We’ve been eating a lot of tubers, rhizomes, and bulbs, a ton of dal, and then any greens we can find (chard, kale, and broccoli mostly), interrupted by the morning’s fried eggs on toast and an occasional spicy pork sausage or grass fed steak. The more we’ve come to enjoy the seasonality here and the limited ingredients, the more we desire simple, earthy foods. Which brings me to these sweet potatoes. You see, I have never been a big fan of tubers, squashes, and the like. Mostly, I have never been a fan of mixing dinner with dessert. Actually, this sentiment of preferring savory over sweet supper foods seems to be the case with most of the American and European population, seeing as we have plenty of sweet potatoes to spare but few who want to eat them. This trip to Santa Fe is about roots…. both the tuber variety and discovering those foods and cooking practices that stem from the Americas.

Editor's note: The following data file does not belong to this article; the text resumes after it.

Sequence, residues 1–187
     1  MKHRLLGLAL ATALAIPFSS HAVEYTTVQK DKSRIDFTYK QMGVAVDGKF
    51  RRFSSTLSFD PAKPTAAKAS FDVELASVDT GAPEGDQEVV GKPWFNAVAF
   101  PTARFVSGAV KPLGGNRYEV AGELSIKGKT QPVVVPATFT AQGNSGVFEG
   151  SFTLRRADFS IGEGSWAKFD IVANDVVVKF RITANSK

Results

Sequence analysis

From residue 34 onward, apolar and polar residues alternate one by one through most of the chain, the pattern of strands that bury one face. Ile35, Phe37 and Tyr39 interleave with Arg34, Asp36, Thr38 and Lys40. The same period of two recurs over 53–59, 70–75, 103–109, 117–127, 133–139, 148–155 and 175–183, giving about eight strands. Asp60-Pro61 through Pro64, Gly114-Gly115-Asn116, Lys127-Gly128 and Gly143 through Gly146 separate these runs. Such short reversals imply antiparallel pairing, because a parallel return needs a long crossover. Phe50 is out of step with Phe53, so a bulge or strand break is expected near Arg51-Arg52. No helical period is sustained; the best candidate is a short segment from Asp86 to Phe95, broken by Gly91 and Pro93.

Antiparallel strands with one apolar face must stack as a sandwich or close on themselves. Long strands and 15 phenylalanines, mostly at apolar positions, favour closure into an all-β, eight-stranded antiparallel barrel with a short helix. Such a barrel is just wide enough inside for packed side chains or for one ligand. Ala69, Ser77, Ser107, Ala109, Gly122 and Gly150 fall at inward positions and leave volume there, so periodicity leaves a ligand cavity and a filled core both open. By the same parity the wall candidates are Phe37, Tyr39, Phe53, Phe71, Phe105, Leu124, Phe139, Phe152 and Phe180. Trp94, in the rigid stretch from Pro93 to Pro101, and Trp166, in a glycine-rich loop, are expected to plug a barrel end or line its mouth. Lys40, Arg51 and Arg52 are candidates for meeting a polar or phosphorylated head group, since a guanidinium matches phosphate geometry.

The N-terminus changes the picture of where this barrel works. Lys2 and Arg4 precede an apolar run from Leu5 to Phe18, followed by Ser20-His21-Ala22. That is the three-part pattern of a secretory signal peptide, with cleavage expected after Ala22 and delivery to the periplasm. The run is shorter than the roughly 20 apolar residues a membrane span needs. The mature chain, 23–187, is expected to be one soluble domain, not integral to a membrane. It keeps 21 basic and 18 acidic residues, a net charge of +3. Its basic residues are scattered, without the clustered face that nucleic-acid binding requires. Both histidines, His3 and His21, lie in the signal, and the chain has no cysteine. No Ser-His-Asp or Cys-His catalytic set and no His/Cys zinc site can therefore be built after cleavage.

We went to an incredible cooking class at the Santa Fe Cooking School last week, taught by Rocky Durham, a native Santa Fean who has been widely successful as a chef, writer, and teacher of Santa Fe cuisine and cultural roots. Rocky pointed out in our Chile Amore! class that cooking comes down to three kinds of heat: moist heat, dry heat, and no heat. And if given a selection of those three on a menu, people will always order the description of dry heat. Think about it. Would you rather grilled steak, boiled beef, or steak tartare? Chances are, if it has grilled, braised, and roasted in front of it, you’ll order it, Rocky told us.